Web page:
Other Women by Jean Levy – review

Published by Dome Press

Publication date – 10 September 2020

Source – review copy

Sophie thought she and Jonah were happy, bringing up their small daughter together, until one summer’s day, she discovers that Jonah is far from the man she thought he was. Sam – an attractive English teacher – seems to offer her some comfort, and new friendships are a support.

But is Sam really who he says he is? Where have her new friends appeared from? Is anyone telling the truth? As Jonah’s lies threaten Sophie and her daughter, can anyone be trusted?

Sophie thinks she has the perfect life. She has a beautiful baby daughter and a man she loves. But when an accident leaves her boyfriend Jonah fighting for his life she finds out that she’s not been living the perfect life, she’s been living the perfect lie.

The book opens with an incident that rocks Sophie’s world. Everything she has known is crashing down around her. With her sister living in Ireland and her mother dead, she has few friends to rely on, and so clings to the friendship offered by Sam and Suzie, passersby who witnessed the accident that left Sophie’s partner, Jonah, in hospital.

I enjoyed the fact that there was police involvement as well as the personal involvement of Sophie. Snippets of the investigation, and that of the “baddies” interspersed longer chapters revolving around Sophie and the fallout of Jonah’s accident.

There were times when the book felt a little long for me, though conversely I thought that the relationship with Sam was very quick to be established.  Perhaps one could have balanced the other out but it did speed up Sophie’s recovery from Jonah’s betrayal.

There are some strong characters in the book. Sophie is a little hard to read. On the one hand she is a determined individual, eager to put Jonah behind her but then she has moments where she feels she needs to help him. Sam, as the reader is soon aware, is not all he seems but his generosity of spirit and tenacity is genuine. Then there is Katie, Sophie’s friend and a person who seems to say first and think later, or perhaps not think at all. Jonah is for much of the book discussed rather than appearing on the page in person. The author has made him easy to dislike, which is easier to do the more the pages turn. However, I failed to see what made him so attractive to women, as Sophie’s reminiscences about their relationship made him hard to like.  That was perhaps the point, we are immune to his charms and so it is easier to feel relief as we see the blinkers fall away from Sophie’s eyes.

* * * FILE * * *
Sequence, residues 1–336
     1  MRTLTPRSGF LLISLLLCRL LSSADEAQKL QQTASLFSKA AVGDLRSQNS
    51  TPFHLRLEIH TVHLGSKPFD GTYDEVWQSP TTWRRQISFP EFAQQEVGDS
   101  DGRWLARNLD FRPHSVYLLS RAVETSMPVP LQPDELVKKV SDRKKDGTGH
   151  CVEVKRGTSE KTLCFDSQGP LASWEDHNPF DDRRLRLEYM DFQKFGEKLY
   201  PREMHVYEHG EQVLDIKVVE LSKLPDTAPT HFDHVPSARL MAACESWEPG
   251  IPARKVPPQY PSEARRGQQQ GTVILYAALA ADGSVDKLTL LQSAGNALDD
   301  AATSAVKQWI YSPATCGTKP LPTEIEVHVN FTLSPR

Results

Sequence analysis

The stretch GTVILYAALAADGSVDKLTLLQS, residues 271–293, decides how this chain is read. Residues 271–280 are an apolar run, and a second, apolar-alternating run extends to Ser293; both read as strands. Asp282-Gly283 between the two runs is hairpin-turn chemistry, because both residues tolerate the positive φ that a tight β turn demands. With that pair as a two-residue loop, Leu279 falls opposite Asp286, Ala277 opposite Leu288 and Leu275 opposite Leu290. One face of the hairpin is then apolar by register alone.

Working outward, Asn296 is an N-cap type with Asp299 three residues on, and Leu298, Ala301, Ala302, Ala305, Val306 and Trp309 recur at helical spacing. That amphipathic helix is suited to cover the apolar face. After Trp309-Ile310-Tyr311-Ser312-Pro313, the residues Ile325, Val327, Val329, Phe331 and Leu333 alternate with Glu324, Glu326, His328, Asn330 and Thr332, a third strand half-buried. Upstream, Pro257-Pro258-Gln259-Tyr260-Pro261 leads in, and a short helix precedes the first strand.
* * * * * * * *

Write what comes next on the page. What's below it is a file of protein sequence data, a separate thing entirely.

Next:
This is not a crime novel, though there is a crime involved. This is not a love story, though there is love involved. It’s more a tale of secrets and lies, and what happens when the truth is revealed.

About the Author

Jean spent several years in genetics research before abandoning the laboratory to pursue a career in academic publishing both in Holland the UK. She has been a database trouble-shooter, an editor, and a writer for publishing houses, pharmaceutical companies and the EU. She has degrees in Botany, Pathology, Philosophy, English, Law and Creative Writing and is currently completing a doctorate in Linguistics.

In her spare time she has campaigned for the environment and read a lot of books, the most memorable being Alice in Wonderland, Pride and Prejudice, everything by Margaret Atwood and Jeanette Winterson, and a few things by Sebastian Faulks, Calvino, Ian McEwan, David Mitchell and Shakespeare.

She currently lives in a converted barn in the South Downs with her husband and a Heritage Plant Collection, accumulates Christmas tree decorations and aspires to writing multi-genre fiction, travelling on the Orient Express and seeing the Northern Lights.

2 Comments Add yours

  1. Jean Levy says:

    Many thanks for your review. Incidentally, Sam Barnes is a character I have found very hard to leave behind … well through writing my next novel, I still find myself imagining the conversations he has. And his endless wisecracks. And I loved Katie, honest to a fault, her only dishonesty being to remain silent. Again, many thanks. J

    Liked by 1 person

    1. janetemson says:

      I really liked Sam’s character and would love to read other stories featuring him again. I think Katie was refreshing in her forthrightness, not something you often see 🙂


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